You may have never heard of youhavedownloaded.com, but if you recently grabbed movies, music or software from online file-trading networks, chances are decent that the site has heard of you. In fact, you may find that the titles you downloaded are now listed and publicly searchable at the site, indexed by your Internet address.
Who Knows What Youhavedownloaded.com?
It does pretty much what the entertainment industry does – it monitors the internet looking for illegal downloads. The difference is that the entertainment industry will then sue the pants off you. Youhavedownloaded.com doesn’t do that. You can just visit the site and see if you’re exposed to the ever-increasing anti-piracy copyright-protecting draconian laws. And as a bit of fun, if you know their IP addresses, you can scare your friends by telling them what illegal downloads they’ve made. It is a perfect example of the dual-purpose weapon: could be used for good or evil; or fun.
Or you could use it to turn the tables on hypocrites – hypocrites such as the entertainment industry itself. This is what TorrentFreak has done.
Armed with the IP-ranges of major Hollywood studios we decided to find out what they’ve been downloading. As expected, it didn’t take us long before we found BitTorrent ‘pirates’ at several leading entertainment industry companies. Yes, these are the same companies who want to disconnect people from the Internet after they’ve been caught sharing copyrighted material.
First up is Sony Pictures Entertainment. As shown below, on this single IP-address alone a wide variety of music and movies have been downloaded. And this is probably just the tip of the iceberg, as YouHaveDownloaded only tracks about 20% of all public BitTorrent downloads.
Busted: BitTorrent Pirates at Sony, Universal and Fox
TorrentFreak goes on to list some of the many acts of piracy it located. It adds
We aren’t the only ones to come up with the idea of revealing the BitTorrent habits of copyright advocates. Yesterday, the Dutch blog Geenstijl exposed how someone at the local music royalty collecting agency Buma/Stemra downloaded a copy of the TV-show Entourage and video game Battlefield 3.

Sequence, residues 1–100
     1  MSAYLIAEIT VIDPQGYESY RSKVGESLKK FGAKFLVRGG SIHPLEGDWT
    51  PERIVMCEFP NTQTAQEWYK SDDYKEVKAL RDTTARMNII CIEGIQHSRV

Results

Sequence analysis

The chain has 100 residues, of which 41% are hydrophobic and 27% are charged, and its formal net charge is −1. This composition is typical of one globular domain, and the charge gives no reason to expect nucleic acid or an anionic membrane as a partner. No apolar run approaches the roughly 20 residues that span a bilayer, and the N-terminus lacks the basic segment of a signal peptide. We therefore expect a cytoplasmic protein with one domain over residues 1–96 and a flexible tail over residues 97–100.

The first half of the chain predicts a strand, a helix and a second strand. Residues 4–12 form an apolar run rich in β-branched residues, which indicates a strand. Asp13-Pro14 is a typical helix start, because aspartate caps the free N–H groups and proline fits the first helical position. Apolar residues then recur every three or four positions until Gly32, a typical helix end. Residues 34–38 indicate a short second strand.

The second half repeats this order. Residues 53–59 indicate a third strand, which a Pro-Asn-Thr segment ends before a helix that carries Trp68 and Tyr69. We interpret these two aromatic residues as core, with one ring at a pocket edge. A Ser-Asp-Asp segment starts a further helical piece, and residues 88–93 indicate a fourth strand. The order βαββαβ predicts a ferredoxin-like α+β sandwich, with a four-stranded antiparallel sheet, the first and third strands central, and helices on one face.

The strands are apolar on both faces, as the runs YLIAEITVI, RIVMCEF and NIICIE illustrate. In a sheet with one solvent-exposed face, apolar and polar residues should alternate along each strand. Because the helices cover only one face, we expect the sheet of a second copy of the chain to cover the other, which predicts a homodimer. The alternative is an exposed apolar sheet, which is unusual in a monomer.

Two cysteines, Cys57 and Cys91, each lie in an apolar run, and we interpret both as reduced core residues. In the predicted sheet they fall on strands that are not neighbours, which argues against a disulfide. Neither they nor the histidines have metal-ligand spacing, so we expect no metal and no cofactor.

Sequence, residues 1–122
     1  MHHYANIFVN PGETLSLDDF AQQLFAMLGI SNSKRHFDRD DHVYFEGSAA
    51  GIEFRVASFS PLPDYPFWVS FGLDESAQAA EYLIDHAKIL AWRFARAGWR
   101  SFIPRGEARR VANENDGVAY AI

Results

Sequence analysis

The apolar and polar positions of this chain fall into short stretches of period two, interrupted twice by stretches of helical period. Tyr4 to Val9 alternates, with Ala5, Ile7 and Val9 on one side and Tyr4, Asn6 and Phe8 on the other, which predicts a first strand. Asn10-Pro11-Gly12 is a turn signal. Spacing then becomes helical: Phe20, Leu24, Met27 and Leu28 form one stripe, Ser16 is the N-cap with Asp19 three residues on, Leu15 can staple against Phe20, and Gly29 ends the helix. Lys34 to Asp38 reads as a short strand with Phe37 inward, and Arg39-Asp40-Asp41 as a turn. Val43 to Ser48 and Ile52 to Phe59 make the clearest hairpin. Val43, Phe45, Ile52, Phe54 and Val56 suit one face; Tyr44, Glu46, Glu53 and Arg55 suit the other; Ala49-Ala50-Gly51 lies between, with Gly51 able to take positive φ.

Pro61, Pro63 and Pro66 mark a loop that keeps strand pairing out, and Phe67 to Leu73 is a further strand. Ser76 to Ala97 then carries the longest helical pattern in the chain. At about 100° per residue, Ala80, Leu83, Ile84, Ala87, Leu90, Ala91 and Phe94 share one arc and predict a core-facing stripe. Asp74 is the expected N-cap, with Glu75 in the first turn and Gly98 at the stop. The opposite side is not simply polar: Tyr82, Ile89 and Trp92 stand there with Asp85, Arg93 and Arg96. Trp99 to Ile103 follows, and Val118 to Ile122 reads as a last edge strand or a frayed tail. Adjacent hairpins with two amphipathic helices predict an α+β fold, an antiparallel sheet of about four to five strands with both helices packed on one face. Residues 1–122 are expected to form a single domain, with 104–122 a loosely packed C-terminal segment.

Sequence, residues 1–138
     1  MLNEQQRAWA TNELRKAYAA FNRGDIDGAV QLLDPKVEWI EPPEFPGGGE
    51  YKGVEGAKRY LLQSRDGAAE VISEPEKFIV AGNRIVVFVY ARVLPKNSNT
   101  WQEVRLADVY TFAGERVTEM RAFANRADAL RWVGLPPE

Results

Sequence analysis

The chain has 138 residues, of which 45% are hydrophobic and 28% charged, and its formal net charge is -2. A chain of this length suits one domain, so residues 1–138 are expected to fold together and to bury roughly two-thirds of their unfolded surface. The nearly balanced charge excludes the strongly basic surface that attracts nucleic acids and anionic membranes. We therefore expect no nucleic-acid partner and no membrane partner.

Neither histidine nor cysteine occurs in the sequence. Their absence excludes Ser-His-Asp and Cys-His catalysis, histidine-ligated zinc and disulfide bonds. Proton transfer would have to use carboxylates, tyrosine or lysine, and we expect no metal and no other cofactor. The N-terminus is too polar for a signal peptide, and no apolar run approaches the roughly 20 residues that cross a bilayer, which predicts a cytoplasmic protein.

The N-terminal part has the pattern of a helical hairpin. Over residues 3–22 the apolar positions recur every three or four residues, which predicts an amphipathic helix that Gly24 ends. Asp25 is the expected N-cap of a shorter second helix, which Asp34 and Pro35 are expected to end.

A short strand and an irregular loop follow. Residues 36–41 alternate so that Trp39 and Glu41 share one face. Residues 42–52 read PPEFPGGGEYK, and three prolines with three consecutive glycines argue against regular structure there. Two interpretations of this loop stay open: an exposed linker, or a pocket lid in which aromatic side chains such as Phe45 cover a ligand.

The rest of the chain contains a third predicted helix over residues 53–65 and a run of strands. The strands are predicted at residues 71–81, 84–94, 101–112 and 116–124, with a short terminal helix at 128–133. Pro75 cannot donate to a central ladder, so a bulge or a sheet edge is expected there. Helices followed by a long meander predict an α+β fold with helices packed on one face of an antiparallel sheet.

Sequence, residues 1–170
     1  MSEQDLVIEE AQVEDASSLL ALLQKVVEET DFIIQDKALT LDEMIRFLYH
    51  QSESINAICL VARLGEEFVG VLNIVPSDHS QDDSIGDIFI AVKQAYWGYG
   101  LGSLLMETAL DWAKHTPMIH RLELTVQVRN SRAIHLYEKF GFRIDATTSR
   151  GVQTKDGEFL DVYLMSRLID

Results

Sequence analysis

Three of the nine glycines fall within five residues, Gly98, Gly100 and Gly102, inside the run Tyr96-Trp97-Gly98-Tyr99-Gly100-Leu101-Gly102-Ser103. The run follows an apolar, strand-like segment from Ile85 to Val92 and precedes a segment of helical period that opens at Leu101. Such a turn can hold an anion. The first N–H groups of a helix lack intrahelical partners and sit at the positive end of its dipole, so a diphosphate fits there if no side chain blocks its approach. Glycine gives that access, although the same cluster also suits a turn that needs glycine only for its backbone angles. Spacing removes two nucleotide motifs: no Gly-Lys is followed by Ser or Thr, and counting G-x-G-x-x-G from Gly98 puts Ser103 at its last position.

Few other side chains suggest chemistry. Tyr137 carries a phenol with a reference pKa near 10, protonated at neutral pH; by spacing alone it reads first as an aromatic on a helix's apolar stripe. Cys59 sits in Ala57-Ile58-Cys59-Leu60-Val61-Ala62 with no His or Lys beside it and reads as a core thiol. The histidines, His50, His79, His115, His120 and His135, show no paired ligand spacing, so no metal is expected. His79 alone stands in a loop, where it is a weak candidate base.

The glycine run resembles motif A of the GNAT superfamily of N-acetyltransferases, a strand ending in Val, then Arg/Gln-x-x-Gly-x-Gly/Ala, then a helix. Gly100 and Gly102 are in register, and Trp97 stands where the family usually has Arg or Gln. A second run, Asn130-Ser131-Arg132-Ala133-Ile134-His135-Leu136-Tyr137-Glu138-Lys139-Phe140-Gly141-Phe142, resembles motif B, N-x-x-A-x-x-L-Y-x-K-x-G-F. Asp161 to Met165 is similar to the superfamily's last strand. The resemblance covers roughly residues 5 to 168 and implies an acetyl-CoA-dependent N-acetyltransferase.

In a response Buma/Stemra issued a press release stating that their IP-addresses were spoofed. A very unlikely scenario, but one that will be welcomed by BitTorrent pirates worldwide. In fact, we encourage Sony, Universal and Fox to say something similar. After all, if it’s so easy to spoof an IP-address, then accused file-sharers can use this same defense against copyright holders.
It is indeed an unlikely scenario. I asked security expert David Harley, a senior researcher at ESET, what he thought about spoofing. At the time, I had been wondering if you could abuse the site for revenge on an ex or wandering partner. “I guess if you can spoof an ex’s IP, you can abuse the system. I’m sure we’ve all seen enough stories to be aware that ex’s do play all sorts of unpleasant games with their former, or even current partner’s systems – not to mention their Twitter accounts. Since the site combines the unacceptable combination of sloppy (“Eric, we don’t bother ourselves to separate dynamic IPs. The site is just for show”) and judgmental (“Well, you are in the clear. But look what others do”) I can see that the scenario you suggest is possible. However,” and this is the point, “pinning an illegal download to a specific machine is not forensically trivial even with ISP cooperation and still-extant logs.”
In short, it can only really be treated as a bit of fun. The problem is, the government/ entertainment industry unholy alliance is treating it for real.